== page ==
Roundabouts: The Most Loathed Infrastructure

Peloton RAB_440

The roughly 3,700 circular traffic intersections in the U.S. are feared, avoided, and even loathed, often without good reason. This fear is rooted in the invention’s history. Early traffic circles (Columbus  Circle in NYC is largely acknowledged as the first roundabout, built in 1905) were incredibly dangerous and impractical — mainly for one reason: entering traffic had the right of way, while circulating traffic had to yield. This led to high-speed merging and over-congestion which, in turn, increased the frequency of collisions.

Revamped in the 1960’s, modern roundabouts now give priority to circulating vehicles making them much safer than their circulatory roadway ancestors. These modern roundabouts weren’t built in the U.S. until the late 1990’s. We now maintain about 90 roundabouts per 100,000 miles of paved road in the U.S. (The UK boasts not only the most roundabouts in the world – as a proportion of total road space – they also maintain a “ Roundabout Appreciation Society”, whose president is known locally as The Lord of the Rings.)

Using simple principles of physics, roundabouts dramatically reduce crash rates, as well as injuries and deaths. They diminish vehicle emissions. They are a more effective use of road space, and cost less to maintain than traditional four-way intersections. Roundabouts reduce crashes by the very nature of their geometry. While traditional four-way intersections have 32 possible collision conflict points, roundabouts have only 8. In 2001, Discover Magazine declared: “The roundabout is the single most important device ever created to help control traffic safely and smoothly.”

RAB Collision Conflict Points 440

What People Think Engineers Do


Cassco to be Honored by FW Chamber


On September 3rd, the Fort Worth Chamber of Commerce will honor Cassco Development Company with the 4th Annual Vandergriff Award, presented annually to a legacy individual or organization whose contributions have positively impacted Tarrant County. Cassco, the development arm of Edwards Ranch, has successfully overseen the creation of some of Fort Worth’s finest neighborhoods and commercial developments. The Vandergriff Award was established in 2011 in memory of the late Tarrant County Judge Tom Vandergriff and recognizes an individual, company, organization or event that has positively impacted Tarrant County. Peloton congratulates Cassco Development Company on their success and we value the relationship we have built while working together on the Clearfork mixed-use project.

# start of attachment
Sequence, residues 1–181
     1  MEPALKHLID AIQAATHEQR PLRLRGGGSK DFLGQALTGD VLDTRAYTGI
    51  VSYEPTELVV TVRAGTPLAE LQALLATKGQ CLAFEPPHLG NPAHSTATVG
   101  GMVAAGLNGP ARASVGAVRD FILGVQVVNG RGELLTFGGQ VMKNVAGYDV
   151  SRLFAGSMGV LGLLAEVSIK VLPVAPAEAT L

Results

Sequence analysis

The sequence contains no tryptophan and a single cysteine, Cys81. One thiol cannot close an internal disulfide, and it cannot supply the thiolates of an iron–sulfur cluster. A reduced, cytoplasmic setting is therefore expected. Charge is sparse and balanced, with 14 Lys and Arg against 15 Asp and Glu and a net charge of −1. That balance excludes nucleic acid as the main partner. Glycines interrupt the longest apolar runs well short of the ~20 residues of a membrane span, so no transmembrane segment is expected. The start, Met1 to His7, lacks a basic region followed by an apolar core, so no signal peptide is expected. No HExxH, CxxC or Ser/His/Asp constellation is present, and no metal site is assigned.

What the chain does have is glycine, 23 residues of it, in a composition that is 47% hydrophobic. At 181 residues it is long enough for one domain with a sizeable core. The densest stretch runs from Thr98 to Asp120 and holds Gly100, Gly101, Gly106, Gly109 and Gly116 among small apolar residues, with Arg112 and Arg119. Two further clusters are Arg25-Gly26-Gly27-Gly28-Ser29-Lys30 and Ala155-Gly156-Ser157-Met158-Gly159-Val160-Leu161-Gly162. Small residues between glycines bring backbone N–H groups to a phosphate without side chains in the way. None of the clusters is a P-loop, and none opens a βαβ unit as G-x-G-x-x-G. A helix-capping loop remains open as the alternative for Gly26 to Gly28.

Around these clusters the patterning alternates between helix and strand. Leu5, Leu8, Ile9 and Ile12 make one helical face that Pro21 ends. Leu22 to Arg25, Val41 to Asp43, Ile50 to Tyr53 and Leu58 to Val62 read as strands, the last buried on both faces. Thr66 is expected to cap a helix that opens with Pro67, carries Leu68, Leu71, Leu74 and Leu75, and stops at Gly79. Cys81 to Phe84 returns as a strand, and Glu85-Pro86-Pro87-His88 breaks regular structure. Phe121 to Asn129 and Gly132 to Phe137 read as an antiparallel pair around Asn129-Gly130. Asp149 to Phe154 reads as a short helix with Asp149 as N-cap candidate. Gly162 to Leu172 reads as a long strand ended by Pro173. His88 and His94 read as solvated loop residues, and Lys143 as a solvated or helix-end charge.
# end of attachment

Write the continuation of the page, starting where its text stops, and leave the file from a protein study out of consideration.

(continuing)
Peloton Land Solutions was ranked #2 in the August 10th Fort Worth Business list of Environmental Consulting Firms. Peloton has a staff of experienced biologists and ecologists providing environmental and regulatory compliance support services to a broad range of industries and client types. Our environmental professionals include Certified Wildlife Biologists®, Qualified Airport Wildlife Biologists (meeting the requirements of FAA AC 150/5200-36), rangeland ecologists, a Certified Arborist®, and GIS specialists. Ranking is based on number of professionals employed.

Peloton Welcomes Jenilee Mead, P.E. to Austin Office


Peloton Land Solutions announces the hire of Jenilee Mead as project manager in our Austin office.  Mead, who brings almost 10 years’ experience in land development and project management, will play a key role in business development, cultivating client relationships, and managing site civil projects.

“As we’ve seen in our other two Texas offices, we also continue to experience growth in our Austin business segment.  Jenilee brings the ideal mix of engineering, business development, and client service experience to our team as we expand in this market,” said Peloton President and CEO Aric Head.  “We’re proud to have her on board as project manager at Peloton,” he added.

Mead has extensive project management and civil design experience in the areas of urban mixed use, single-family residential, office and industrial projects, and detailed entitlement cases, including zoning, subdivision, and planned developments.  With a Bachelor of Science degree from Ohio State University, Mead joins Peloton’s team that is quickly approaching 100 professional engineers, planners, surveyors, environmental scientists, landscape architects, and support personnel across three Texas offices.

Facebook Groundbreaking

FB Data Center

At a groundbreaking this morning, Governor Greg Abbott, Mayor Betsy Price, and Ross Perot, Jr. joined with Facebook executives to officially announce the construction of a Facebook data center on a 110-acre site on the northeast corner of Park Vista Boulevard and Texas 170 in Hillwood’s AllianceTexas development. Peloton’s Fort Worth office has been involved with this project for the past 6 months, working with Hillwood and Facebook on the site layout, entitlement, and site design of the facility. Construction of Phase 1 begins tomorrow on approximately 500,000 square feet of data hall and administrative areas, and Phase 2 will include  250,000 square-feet of additional data hall area.

Read more in FW Business and the Star Telegram